Best friends Marie and Alexia decide to spend a quiet weekend at Alexia's parents' secluded farmhouse. But on the night of their arrival, the girls' idyllic getaway turns into an endless night of horror.
A young woman's quest for revenge against the people who kidnapped and tormented her as a child leads her and a friend, who is also a victim of child abuse, on a terrifying journey into a living hell of depravity.
Lucas and Clementine live peacefully in their isolated country house, but one night they wake up to strange noise... they're not alone... and a group of hooded assailants begin to terrorize them throughout the night.
Desperate to repay his debt to his ex-wife, an ex-con plots a heist at his new employer's country home, unaware that a second criminal has also targeted the property, and rigged it with a series of deadly traps.
Alexia travels with her friend Marie to spend a couple of days with her family in their farm in the country. They arrive late and they are welcomed by Alexia's father. Late in the night, a sadistic and sick killer breaks into the farmhouse, slaughters Alexia's family--including their dog--and kidnaps Alexia. Marie hides from the criminal and tries to help the hysterical and frightened Alexia, chase the maniac, and disclose his identity in the end.Written by
Claudio Carvalho, Rio de Janeiro, Brazil
According to Alexandre Aja the scene where Marie hides from the killer in the gas station restroom is a homage to a similar scene in Maniac (1980). See more »
When the killer is walking along opening the toilet doors in search of Marie, you can see the camera reflected in the white tiles on the walls of the restroom. See more »
I won't let anyone come between us any more.
See more »
Lions Gate cut about 2 minutes for the US theatrical release to secure a "R" rating. The changes were:
Alex's father is graphically decapitated with a bookcase, his headless neck spraying blood. In the R-rated version, the initial killing is implicit rather than explicit, and later, during a flashback, his killing is gone.
The scene of the killer applying a concrete saw to the stomach of the man driving the car was edited shorter
When Alex's mother has her throat slashed, the scene is edited short; most of the arterial spurting, as the killer pulls back her head, is gone. The shot of her severed hand also is removed, leaving no indication of what exactly happened to her.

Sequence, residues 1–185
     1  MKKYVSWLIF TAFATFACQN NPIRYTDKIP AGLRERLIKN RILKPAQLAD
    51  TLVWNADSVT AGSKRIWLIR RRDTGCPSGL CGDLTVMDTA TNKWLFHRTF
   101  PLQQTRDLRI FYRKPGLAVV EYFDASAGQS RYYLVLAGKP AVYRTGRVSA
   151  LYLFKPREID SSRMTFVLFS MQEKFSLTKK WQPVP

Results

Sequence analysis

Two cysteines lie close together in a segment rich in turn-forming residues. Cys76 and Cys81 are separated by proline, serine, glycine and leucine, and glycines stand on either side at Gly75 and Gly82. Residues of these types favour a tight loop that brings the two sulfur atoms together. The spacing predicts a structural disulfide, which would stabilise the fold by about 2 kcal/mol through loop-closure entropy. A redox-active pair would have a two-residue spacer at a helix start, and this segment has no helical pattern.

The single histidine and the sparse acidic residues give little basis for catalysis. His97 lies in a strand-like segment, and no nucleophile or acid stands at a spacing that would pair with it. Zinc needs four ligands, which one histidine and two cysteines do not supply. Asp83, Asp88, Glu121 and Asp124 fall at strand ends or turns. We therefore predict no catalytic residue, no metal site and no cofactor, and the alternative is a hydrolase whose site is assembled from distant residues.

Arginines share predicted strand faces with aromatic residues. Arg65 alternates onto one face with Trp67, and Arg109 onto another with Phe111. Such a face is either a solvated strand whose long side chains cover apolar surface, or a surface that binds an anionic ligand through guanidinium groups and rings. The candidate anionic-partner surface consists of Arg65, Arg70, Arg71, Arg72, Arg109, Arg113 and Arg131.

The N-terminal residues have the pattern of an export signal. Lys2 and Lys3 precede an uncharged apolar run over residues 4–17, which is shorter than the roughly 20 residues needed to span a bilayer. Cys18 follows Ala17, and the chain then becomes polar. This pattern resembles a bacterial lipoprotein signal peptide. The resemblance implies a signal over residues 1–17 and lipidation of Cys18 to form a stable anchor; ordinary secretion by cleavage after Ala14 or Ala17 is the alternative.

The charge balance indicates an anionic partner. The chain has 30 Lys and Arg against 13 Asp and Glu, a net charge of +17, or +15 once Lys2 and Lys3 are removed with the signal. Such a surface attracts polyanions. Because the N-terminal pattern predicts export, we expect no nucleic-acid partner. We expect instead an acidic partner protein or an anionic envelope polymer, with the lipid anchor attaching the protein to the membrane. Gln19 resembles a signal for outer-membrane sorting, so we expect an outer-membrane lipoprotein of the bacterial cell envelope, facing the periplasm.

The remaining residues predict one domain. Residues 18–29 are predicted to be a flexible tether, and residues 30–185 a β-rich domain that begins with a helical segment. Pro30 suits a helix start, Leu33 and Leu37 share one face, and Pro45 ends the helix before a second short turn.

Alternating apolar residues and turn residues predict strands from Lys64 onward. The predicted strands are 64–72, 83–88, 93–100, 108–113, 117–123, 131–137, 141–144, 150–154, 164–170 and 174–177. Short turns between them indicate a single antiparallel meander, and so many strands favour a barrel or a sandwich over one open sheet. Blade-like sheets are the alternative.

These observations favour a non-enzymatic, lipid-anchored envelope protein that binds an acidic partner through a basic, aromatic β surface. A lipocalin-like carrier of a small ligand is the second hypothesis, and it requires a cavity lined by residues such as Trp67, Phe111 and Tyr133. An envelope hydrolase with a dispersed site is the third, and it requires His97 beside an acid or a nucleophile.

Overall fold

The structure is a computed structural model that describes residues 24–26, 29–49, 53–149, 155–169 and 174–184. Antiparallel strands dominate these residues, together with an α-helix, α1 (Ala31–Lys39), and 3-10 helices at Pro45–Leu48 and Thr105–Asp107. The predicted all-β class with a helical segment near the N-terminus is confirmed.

The scene where Marie strikes the killer's face in with the barbed wire post is shortened and less explicit; Marie hits the killer fewer times, and there are fewer details of the killer's wounds shown.
Stylish and Terrifying; A return to classic late 70's Horror.
In order to fully appreciate "High Tension", it's best to see it in its original language and uncut. There has been a lot of hype about this film amongst gore hounds and horror movie buffs. I'd have to say it lived up to its reputation. Although the story is very simplistic and nothing original, "High Tension" still manages to grab the viewer. It has flawless lighting and camera work, great acting and a truly disturbing psychological intensity. The story concerns the tomboyish yet sexy Marie, played by Cecile De France. Marie and her friend Alex plan a vacation away from the big city. Marie is to stay with Alex and her family at their farm house. Little do they know of the psychotic serial killer who is on the prowl, driving his old van through the country side. The killer, played by Philippe Nahon of "I Stand Alone", is a deeply frightening man. He carries a strait razor and at one point even has the nerve to give himself fellatio with a girls decapitated head. Yuck! The killer invades Alex's home and wrecks havoc on her family. The violence is extremely brutal and unrelenting. The bloody realism may cause some viewers to turn their head. The film becomes more insane from this point on turning into a endless pursuit of cat and mouse. Some critics have complained that the film contains certain plot holes. I felt that by director Alex Aja leaving certain things unexplained, it added to the intensity. Very suspenseful and horrifying, no wonder why they called it "High Tension". It sure gave me tension. The reason I recommend seeing the film in its original french version, is because the acting is so believable. Dubbing only takes away from the amazing performances. Also not to mention the MPAA taking their own strait razor to the film, slashing it down to an R rating. I highly enjoyed "High Tension". It marks a return to the style of old school horror directors such as Dario Argento, Tobe Hooper and John Carpenter.
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